Context: The Iranian government, including Ayatollah Ali Khamenei, the supreme leader who has the final word, is demanding the U.S. provide a guarantee that it will not walk away from the pact the way Trump did. U.S. Secretary of State Antony Blinken has said that in a democracy there is no way to tie the hands of a future president. But the Iranians have found some sympathy, even among America’s European allies.

THE LATEST NEWS

News from Europe

Image

Credit…Cris Bouroncle/Agence France-Presse — Getty Images

A Spanish court reopened an investigation into whether Banco de Chile helped Gen. Augusto Pinochet, the former dictator, above left, launder money.

The remains of Esther Dingley, a British woman who went missing in the Pyrenees mountains eight months ago, have been found.

Police on the Greek island of Lesbos have accused aid groups of helping smugglers of migrants, as the country faces criticism of its quick return of Turkish migrants.

Wildfires have killed at least six people in Turkey, part of a broader pattern of wildfires afflicting the Mediterranean this summer.

One of the largest apartment complexes built from timber in the world is rising in Stockholm.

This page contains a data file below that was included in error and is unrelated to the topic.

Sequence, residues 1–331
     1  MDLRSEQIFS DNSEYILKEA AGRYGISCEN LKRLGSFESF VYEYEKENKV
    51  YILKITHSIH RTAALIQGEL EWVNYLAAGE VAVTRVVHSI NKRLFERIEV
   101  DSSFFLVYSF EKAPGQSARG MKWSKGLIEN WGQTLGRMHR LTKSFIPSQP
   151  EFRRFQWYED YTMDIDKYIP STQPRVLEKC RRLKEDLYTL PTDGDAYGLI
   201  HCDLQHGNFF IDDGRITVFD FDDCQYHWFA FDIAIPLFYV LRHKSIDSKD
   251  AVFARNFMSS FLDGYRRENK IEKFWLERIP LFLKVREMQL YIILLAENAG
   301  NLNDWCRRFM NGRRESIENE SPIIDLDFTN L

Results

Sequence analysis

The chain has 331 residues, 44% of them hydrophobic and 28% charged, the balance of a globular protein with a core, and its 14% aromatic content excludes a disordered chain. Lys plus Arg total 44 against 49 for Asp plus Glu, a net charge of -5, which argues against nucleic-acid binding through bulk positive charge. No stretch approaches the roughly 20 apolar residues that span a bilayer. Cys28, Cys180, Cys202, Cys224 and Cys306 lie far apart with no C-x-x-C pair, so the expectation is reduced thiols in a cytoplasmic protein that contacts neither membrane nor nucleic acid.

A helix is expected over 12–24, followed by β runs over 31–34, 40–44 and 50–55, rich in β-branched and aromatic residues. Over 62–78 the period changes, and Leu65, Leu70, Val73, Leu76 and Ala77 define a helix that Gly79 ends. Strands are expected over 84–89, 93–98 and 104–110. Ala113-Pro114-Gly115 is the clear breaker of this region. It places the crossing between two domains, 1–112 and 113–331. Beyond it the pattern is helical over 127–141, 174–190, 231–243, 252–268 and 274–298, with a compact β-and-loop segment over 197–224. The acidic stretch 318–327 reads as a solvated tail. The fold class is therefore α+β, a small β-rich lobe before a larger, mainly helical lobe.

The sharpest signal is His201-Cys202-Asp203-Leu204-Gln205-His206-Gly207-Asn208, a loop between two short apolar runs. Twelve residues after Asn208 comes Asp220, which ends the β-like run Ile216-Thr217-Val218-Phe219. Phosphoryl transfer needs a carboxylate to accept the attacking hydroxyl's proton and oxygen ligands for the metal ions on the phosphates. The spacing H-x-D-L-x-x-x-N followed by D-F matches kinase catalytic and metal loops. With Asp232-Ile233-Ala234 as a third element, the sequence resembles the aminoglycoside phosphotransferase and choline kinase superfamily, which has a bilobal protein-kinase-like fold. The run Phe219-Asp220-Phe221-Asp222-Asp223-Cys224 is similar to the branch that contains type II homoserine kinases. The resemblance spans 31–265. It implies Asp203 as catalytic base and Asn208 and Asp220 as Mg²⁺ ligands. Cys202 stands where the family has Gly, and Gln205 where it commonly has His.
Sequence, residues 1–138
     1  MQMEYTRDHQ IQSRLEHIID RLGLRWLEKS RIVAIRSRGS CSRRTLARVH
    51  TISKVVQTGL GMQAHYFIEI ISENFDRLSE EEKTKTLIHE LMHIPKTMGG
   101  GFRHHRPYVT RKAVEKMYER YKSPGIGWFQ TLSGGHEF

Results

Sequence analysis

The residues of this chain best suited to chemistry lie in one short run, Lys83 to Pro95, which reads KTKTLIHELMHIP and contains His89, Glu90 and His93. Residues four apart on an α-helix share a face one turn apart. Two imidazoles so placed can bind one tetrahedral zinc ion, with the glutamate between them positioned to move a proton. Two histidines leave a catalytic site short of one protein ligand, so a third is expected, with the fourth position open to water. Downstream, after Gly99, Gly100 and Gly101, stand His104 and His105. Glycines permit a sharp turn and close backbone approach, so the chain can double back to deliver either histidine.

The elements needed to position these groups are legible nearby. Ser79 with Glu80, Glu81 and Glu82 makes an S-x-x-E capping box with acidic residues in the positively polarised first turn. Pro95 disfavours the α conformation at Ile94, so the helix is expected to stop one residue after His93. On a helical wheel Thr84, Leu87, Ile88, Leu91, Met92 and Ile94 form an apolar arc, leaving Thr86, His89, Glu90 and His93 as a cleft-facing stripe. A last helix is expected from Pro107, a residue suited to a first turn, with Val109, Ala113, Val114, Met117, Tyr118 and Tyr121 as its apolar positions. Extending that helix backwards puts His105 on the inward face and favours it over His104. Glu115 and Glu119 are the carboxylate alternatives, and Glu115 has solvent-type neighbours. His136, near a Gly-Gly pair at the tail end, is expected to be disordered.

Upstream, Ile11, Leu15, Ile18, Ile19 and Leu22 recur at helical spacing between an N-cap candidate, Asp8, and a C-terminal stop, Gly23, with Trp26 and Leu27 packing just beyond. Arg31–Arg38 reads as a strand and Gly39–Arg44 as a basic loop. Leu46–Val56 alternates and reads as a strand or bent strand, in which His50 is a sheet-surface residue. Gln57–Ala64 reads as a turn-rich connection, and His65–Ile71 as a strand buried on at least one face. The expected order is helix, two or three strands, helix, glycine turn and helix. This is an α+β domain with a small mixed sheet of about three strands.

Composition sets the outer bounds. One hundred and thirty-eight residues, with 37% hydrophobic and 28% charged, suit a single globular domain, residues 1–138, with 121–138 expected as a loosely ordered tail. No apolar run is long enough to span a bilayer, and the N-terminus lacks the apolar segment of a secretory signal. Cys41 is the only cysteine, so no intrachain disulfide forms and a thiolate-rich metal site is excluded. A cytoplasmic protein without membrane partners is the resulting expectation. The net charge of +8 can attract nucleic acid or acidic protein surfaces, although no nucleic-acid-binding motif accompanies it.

What Else Is Happening

The leader of Myanmar’s junta, Senior Gen. Min Aung Hlaing, effectively ruled out any return to democracy before 2023.

With the Taliban sweeping across much of the country, at least 30,000 Afghans are leaving each week. Lashkar Gah, the capital of Helmand Province, is in danger of falling to the insurgents.

In Sweden, a murder trial could shine an unsavory light on the Iranian president-elect, Ebrahim Raisi.

The man who critics warn could become Tunisia’s next dictator vowed to a Times reporter to preserve hard-fought rights, even as public gatherings of more than three people are banned.

The payments app Square said it plans to acquire the Australian “buy now, pay later” company Afterpay in a deal that values Afterpay at about $29 billion.

A Morning Read

Image

Credit…Illustration by Lizzie Gill; photos by the U.S. Department of Justice

One night in Minnesota, shortly after the killing of George Floyd, someone set a fire in a Goodwill store. That action led to an international search for the culprits — and it exposed a growing system of global surveillance.